The minimum penalty for failing to file EACH Form 8300 is $25,000 if the failure is due to an intentional or willful disregard of the cash reporting requirements. Penalties may also be imposed for causing, or attempting to cause, a trade or business to fail to file a required report; for causing, or attempting to cause, a trade or business to file a required report containing a material omission or misstatement of fact; or for structuring, or attempting to structure, transactions to avoid the reporting requirements. These violations may also be subject to criminal prosecution which, upon conviction, may result in imprisonment of up to 5 years or fines of up to $250,000 for individuals and $500,000 for corporations or both.

Marijuana-related businesses operate in an environment of cash transactions as many banks remain reluctant to do business with many in the marijuana industry. Like any cash-based business the IRS scrutinizes the amount of gross receipts to report and it is harder to prove to the IRS expenses paid in cash. So it is of most importance that the proper facilities and procedures be set up to maintain an adequate system of books and records.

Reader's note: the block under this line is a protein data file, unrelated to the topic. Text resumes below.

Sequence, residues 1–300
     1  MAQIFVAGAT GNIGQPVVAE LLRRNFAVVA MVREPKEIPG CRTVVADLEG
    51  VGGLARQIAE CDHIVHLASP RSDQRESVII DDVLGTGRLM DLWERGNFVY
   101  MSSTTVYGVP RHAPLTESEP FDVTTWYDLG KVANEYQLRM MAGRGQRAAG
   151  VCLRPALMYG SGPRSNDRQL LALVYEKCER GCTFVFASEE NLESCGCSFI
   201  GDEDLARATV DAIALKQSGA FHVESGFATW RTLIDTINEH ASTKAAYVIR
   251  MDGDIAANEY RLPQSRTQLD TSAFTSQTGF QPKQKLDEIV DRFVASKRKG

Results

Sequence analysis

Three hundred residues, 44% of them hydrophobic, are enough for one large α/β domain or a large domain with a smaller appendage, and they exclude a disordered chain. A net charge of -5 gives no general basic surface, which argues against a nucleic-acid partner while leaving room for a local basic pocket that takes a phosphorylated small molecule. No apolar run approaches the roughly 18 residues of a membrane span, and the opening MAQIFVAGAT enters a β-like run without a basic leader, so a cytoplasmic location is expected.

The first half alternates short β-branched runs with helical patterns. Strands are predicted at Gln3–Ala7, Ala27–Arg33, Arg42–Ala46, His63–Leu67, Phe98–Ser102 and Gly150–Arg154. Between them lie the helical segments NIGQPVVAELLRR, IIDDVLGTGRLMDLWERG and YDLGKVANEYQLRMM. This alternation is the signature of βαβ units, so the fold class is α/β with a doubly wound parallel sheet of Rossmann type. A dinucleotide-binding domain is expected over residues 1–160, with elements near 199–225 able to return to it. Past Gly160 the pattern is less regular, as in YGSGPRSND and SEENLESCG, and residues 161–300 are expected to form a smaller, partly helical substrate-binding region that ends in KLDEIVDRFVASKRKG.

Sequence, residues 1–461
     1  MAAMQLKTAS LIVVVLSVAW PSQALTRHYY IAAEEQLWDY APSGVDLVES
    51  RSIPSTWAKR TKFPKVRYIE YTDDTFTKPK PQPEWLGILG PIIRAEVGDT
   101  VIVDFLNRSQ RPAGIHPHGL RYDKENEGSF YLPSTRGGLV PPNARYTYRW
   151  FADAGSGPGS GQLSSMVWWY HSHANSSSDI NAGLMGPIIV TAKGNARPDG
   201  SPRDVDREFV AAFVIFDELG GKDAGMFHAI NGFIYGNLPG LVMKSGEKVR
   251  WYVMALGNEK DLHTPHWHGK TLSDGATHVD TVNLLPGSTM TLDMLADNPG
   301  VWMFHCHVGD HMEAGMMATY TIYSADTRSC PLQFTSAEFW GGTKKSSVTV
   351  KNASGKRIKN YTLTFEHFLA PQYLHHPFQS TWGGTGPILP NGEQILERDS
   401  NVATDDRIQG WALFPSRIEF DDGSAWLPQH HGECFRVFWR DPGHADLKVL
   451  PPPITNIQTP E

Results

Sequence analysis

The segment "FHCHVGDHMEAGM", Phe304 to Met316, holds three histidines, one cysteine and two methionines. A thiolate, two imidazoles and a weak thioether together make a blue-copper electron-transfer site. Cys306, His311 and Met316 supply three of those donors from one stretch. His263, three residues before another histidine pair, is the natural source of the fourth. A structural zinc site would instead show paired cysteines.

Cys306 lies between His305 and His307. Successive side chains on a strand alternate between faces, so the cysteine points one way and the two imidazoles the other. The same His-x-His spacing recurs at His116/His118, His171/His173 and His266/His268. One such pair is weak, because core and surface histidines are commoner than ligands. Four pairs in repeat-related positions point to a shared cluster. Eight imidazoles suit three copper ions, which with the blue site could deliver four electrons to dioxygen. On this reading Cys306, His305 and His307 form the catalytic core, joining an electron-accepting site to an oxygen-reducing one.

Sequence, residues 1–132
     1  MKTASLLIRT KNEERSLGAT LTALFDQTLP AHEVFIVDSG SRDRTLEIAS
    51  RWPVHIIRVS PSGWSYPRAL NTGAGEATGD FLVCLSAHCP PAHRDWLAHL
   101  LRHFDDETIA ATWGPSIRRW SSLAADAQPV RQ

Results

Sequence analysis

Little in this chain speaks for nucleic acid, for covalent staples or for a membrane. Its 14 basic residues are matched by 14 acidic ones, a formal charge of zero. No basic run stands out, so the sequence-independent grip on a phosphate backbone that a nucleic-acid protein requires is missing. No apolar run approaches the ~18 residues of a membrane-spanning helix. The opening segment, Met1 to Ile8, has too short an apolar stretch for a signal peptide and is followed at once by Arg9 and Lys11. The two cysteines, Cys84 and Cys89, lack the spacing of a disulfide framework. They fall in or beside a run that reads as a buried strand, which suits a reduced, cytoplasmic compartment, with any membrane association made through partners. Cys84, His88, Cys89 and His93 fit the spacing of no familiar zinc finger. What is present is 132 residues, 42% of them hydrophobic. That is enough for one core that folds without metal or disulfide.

How Do You Know Which Cannabis Tax Attorney Is Best For You?

Given that cannabis is still illegal under existing Federal law you need to protect yourself and your marijuana business from all challenges created by the U.S. government.  While cannabis is legal in California, that is not enough to protect you.  It’s coming down that the biggest risk is TAXES.  Be proactive and engage an experienced Cannabis Tax Attorney in your area. Let the tax attorneys of the Law Offices Of Jeffrey B. Kahn, P.C. located in Orange County, Inland Empire (Ontario and Palm Springs) and other California locations protect you and maximize your net profits.  Also, if you are involved in crypto currency, check out what a Bitcoin Tax Attorney can do for you.